There was no shortage of themes in the strange confection that is En Avant Marche!, and no shortage of talent on display. However, unfortunately the lack of a shaping dramaturgy removed any real focus to the whole.

En Avant Marche

Brass bands always command affection as emblems both of community solidarity and musical memory. Miners’ galas, military march-pasts, Remembrance Sundays, long summer afternoons with bandstands in the park, even the Salvation Army at Christmas (Guys and Dolls, anybody?).

All these are triggers of shared rites of passage where a mutual sense of occasion for the audience meets the solidarity of collective music-making. To have a real brass band on stage, in this case the London-based Heroes band, together with eleven actors, dancers and players promised much, but unfortunately the final result, music apart, failed to deliver.

This show, from the Belgian team of Alain Platel and Frank Van Laecke and their company Les Ballets Contemporains de la Belgique, was first produced at the Edinburgh Festival last year. One can see why it did well there: it is quirky, mixing dance and music and bizarre rhythmic experiments in a surrealistic jumble. There are the outlines of a poignant story, and plenty of talented performers, a cocktail that in a high-octane festival milieu is likely to win ready plaudits. However, in the grey, damp light of June in EC1 it does not pass muster.

En Avant MarcheThe set is a bare orchestral rehearsal hall which is gradually laid out with folding chairs. At the back is a wall with various cut-away sections which are populated by players and performers at different points. The work runs without an interval for an hour and forty minutes. Most of the action takes place among the four performers and seven musicians that form a ‘core’ band, which is then joined at points by the larger professional band.

The story, such as it is, revolves around an aging trombone player (Wim Opbrouck) who because of cancer can no longer play his instrument. In fact we see him initially demoted to a new role as cymbal player seeking to time his one intervention in a Wagner prelude. Increasingly fraught interactions in rehearsal format follow as all the characters introduce themselves.

However, the central story is never developed in a coherent way, any more than is the case with any of the case studies of the other characters. Fragments of verbal, visual, musical and choreographed material are presented for all them, but no coherent pattern of relationships emerges. It is almost as though we are watching a workshop in improvisation which has been allowed to spool on and on without directorial intervention. There is a lot of energy and a lot of skilful rhythmic experimentation riffing on rhythms set going in the music, but it leads nowhere of interest ultimately.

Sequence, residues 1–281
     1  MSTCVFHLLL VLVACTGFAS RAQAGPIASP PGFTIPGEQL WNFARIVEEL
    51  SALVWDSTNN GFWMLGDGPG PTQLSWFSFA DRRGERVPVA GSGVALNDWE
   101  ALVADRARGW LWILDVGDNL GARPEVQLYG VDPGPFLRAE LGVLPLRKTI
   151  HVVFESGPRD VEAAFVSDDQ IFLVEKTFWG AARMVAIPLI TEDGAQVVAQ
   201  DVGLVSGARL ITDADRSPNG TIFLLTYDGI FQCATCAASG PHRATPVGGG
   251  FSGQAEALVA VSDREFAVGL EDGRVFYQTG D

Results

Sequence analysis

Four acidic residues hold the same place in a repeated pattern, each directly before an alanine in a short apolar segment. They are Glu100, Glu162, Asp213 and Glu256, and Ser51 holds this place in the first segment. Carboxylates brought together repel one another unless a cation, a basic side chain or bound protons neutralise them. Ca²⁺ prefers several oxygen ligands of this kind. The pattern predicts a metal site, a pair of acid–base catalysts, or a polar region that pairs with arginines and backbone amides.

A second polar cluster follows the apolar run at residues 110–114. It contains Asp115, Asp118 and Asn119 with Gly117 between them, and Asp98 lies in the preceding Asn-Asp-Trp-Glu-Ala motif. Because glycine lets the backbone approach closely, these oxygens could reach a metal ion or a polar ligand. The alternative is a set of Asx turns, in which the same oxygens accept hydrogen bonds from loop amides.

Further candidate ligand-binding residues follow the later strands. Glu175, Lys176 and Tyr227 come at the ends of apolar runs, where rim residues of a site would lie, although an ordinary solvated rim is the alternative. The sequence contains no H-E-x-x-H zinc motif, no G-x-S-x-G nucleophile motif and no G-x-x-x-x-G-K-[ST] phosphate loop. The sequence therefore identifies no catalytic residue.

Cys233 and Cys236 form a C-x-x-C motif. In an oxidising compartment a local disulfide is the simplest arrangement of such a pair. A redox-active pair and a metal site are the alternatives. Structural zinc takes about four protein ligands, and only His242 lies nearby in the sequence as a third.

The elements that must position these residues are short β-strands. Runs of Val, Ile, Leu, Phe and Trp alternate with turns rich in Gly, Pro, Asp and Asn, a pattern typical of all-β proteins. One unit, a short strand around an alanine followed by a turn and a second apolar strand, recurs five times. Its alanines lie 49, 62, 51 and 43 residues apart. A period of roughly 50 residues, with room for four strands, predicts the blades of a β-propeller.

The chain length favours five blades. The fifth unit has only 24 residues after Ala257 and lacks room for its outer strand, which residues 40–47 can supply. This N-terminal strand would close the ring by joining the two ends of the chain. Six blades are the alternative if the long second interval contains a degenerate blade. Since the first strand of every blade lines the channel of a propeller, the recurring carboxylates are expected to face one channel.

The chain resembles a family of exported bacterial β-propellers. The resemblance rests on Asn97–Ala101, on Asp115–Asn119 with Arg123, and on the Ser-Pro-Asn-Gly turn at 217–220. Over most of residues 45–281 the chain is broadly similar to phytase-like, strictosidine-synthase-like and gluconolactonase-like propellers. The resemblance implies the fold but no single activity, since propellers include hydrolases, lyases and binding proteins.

En Avant MarcheIt is a relief therefore to turn to the music where the skill of director and arranger Steven Prengels was very much in evidence. Deft arrangements of familiar numbers by Strauss and Verdi went along with a gorgeous unpicking and reworking of a famous section from a Mahler symphony. Also those stalwarts of the brass band repertory, Holst’s Jupiter theme and Elgar’s Nimrod were given full weight by the full band and received in resonant respectful silence by the audience.

Churchill is supposed to have turned away a dessert with the terse dismissal: ‘Take this pudding away: it has no theme.’ There was no shortage of themes in this strange confection, and no shortage of talent on display. However, unfortunately the lack of a shaping dramaturgy removed any real focus or governing flavour from the whole. You could more-or-less see where the creative team wanted to take the piece – in the direction of evoking sympathy and respect for those whose case seems helpless and hopeless, and celebrating this fact of human resilience through music and dance media. Worthy goals all. However, when the audience has to do the main work of joining up the dots then one cannot consider the production a success. This is a pity because the raw materials and the quality of the performers promised much of interest.

En Avant Marche
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Tim Hochstrasser
A historian who lectures on early modern intellectual and cultural history at the LSE. He has a long-standing commitment to and love of all the visual, musical, dramatic and decorative arts, and to opera above all, as a unifying vehicle for all of them. He has previously reviewed for and also writes for playstosee. By day you may find him in a library or classroom, but by night in an opera or playhouse…perhaps with a cabaret chaser…